NOT HOOVER'S FBI
Washington author Adrian Havill, who brought us an unauthorized biography of Jack Kent Cooke, the backgrounds of Bob Woodward and Carl Bernstein, and the life and crimes of Hadden Clark, to name but a few of his best sellers, has finished a biography of FBI double agent Robert P. Hanssen, the most notorious modern-day American spy.
St. Martin's Press will publish "The Spy Who Stayed Out in the Cold" on Oct. 19, barely eight months after federal agents surrounded Hanssen while he was attempting to complete an exchange with his Russian handlers in a Virginia park.
Havill says he conducted more than 100 interviews with Hanssen's family members, friends, FBI colleagues and confidential sources, and promises to take readers into Hanssen's mind (where the FBI should have been during the 16 years its "exemplary" agent was able to collect cut diamonds, Rolex watches and more than $1.4 million from his Russian contacts).
"Louis Freeh, who had followed Bob Hanssen to the altar of Saint Catherine's for communion on many a Sunday was gone, and not in glory," Havill writes of the recently departed FBI director.
"He left the bureau in turmoil, an uncoordinated maze of fiefdoms where half of the agents had fewer than six years of experience and employees were quitting as soon as they could find the exit sign.
"What was once the nation's most exemplary government organization," notes the author, "was now considered a bureaucracy with more holes in it than the once proud G-men had pumped into John Dillinger's body."
Epidemiologists in central Kazakhstan's Karaganda region believe dangerous mutant spiders are emerging as a result of "global warming."
The Cooler Heads Coalition in Washington, which doesn't buy into the global warming theory, intercepted an Interfax dispatch from the former Soviet republic reporting the spiders recently attacked eight persons, causing high fever, back pain and kidney disorders.
"The spiders caught are different from the conventional ones in shape and color," the dispatch says. "The appearance of the mutants may be connected with global warming."
Kazakhstan, which borders on the Caspian Sea, is in a position to be one of the 21st century's major sources of oil, on which it will depend for prosperity.
Speaking of emerging Jurassic Parks, if you thought President Bush and Democratic Senate Majority Leader Tom Daschle were rulers of Washington, think again.
The Smithsonian reports that schoolteacher Debbie Brown hosted a group of youngsters for an overnight stay at the National Zoo, promising the children they would have no problem awaking in the morning.
The zoo's lions, she explained, "start roaring around 6 a.m., muted at first from inside and then louder when the keepers let them out. Lions re-establish their territory by roaring."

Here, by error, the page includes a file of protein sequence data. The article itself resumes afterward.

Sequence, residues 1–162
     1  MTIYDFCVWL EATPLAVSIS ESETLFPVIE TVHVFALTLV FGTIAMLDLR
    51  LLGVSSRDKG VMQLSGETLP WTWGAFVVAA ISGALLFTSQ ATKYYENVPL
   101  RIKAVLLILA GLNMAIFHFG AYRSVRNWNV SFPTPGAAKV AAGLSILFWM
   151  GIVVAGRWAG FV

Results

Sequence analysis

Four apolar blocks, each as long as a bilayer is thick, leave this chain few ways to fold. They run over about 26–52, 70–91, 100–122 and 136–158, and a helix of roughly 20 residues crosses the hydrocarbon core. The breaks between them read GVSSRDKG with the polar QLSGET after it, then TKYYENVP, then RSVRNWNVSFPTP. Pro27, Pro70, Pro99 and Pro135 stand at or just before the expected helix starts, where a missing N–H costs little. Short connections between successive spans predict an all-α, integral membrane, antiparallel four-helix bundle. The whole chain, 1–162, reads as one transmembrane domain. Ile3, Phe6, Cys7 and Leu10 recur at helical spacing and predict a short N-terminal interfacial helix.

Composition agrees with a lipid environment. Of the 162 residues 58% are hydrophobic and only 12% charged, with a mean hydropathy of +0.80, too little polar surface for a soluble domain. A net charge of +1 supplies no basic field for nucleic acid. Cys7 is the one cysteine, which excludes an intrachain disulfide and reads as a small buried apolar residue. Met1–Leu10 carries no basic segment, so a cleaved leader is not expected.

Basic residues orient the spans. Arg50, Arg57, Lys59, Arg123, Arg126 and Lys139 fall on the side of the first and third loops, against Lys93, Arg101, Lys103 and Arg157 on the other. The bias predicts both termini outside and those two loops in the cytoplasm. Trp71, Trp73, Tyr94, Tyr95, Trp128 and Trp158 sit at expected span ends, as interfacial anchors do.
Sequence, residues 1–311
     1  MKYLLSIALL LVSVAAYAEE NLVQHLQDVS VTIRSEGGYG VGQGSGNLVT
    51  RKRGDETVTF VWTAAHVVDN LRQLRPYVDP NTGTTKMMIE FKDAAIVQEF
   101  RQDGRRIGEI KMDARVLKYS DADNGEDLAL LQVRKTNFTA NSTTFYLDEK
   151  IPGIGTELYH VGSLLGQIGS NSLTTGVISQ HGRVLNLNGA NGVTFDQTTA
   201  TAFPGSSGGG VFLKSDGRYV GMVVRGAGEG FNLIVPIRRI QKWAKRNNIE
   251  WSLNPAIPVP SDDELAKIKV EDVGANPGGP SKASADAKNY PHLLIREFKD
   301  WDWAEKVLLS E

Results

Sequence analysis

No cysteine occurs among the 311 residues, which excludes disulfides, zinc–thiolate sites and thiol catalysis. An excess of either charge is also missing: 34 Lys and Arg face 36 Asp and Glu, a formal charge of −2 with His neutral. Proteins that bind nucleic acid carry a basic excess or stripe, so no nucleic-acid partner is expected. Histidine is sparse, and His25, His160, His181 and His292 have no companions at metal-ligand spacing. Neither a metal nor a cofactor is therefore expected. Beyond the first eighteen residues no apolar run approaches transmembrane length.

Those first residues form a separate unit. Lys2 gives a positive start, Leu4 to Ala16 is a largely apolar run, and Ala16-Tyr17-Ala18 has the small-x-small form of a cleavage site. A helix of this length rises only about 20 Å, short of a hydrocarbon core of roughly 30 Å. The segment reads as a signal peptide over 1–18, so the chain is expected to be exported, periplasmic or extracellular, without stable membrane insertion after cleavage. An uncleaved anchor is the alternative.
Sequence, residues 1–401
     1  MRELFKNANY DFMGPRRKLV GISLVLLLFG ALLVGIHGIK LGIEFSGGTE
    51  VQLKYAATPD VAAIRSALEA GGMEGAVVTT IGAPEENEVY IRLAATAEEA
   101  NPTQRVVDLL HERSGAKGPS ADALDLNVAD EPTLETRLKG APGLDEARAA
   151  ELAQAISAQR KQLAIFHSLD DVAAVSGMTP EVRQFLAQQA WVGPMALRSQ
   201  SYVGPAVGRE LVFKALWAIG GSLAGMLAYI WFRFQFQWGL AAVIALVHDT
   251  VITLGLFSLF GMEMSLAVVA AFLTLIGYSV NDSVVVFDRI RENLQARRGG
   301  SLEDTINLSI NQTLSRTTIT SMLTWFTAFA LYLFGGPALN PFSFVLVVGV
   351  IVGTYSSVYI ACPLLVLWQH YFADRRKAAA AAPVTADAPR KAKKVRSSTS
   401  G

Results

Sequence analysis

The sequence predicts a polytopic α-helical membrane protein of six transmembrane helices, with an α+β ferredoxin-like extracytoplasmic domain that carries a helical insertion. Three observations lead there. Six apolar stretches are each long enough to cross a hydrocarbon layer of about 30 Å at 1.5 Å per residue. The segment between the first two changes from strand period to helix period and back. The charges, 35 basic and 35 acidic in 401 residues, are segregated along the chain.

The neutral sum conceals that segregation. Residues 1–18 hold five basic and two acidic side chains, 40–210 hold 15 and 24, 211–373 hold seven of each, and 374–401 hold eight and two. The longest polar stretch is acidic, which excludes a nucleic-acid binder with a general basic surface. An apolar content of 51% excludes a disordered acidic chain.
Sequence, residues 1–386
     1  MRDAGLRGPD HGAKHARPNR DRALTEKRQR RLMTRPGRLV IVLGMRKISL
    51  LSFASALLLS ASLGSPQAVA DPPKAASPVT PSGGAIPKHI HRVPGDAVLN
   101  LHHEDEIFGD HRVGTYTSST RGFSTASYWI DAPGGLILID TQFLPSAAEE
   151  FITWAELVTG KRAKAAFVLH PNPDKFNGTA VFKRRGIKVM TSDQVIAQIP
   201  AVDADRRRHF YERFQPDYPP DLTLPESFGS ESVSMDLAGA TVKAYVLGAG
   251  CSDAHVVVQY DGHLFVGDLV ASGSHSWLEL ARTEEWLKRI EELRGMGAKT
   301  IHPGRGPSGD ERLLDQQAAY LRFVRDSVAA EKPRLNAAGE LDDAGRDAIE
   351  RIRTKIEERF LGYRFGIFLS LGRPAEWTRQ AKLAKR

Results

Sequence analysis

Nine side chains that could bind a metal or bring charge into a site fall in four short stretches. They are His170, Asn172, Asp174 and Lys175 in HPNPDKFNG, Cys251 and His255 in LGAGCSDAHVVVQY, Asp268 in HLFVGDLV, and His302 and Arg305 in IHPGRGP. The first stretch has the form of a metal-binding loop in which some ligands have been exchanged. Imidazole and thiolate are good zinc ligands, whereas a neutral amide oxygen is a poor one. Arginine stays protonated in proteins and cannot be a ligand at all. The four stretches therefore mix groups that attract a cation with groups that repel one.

Democratic National Committee Chairman Terry McAuliffe says single women are partly to blame for Al Gore's loss to George W. Bush in the presidential election.
"As you know, 23 percent of the voting electorate are single women, and yet they only made up 19 percent of the vote in the last election," says the DNC chairman. "That missing four percentage points is the reason that Dick Gephardt's probably not speaker of the United States today, and that Al Gore would have had more states.
"We know we won the popular vote," says McAuliffe. "There would have been more states in our category."
The chairman didn't guess why single women stayed away from the polls or else preferred voting Republican, but polls did show that certain groups of women were disgusted with the sexual escapades of President Clinton.
Earlier this summer, we started to write that 58-year-old Sen. Kay Bailey Hutchison R-TX) was adopting a 1-month-old baby girl.
But because the adoption process is a very private one for all parties involved, and since this particular adoption was months from being final, Hutchison and her husband, Ray, asked that we refrain from any coverage.
Last Friday, a fax arrived from the senator, "intended as an expression of our sincere thanks to you for permitting the adoption of our wonderful daughter, Kathryn Bailey Hutchison, to become final in Dallas today without press attention, and, as we promised, to advise you when that exciting event occurred. ...
"Bailey, named for her mother and grandmother, has been with us in Dallas since late May. ... We have, for many years, been trying to add to our wonderful family, and this is truly a dream come true."
And how is a busy senator, with two grown stepdaughters, handling a baby in the house?
"It's what every working mother goes through, juggling time and hours," a close friend of Mrs. Hutchison's tells us.
Even C-SPAN, which prides itself in carrying gavel-to-gavel coverage of the House of Representatives, has to be reminded on what side of the aisle California Rep. Gary A. Condit sits.
During one recent open-phones segment, a caller from Big Sandy, Texas, asked the C-SPAN moderator:
"I'm confused, what party does Gary Condit belong to?"
Moderator (two- to three-second pause, stammering): "Gary Condit is, is, what?"
Caller: "Is he, what party does he belong to?"
Moderator: "Gary Condit is a Republican, isn't he?"
Caller: "You see, that's what I thought. No ma'am, he is not. He is a Democrat."
Moderator: "Ah, I'm sorry. My mistake."
(Noise on the telephone line)
Moderator: "You had something else to say, sir?"
Caller (faintly): "I nailed her."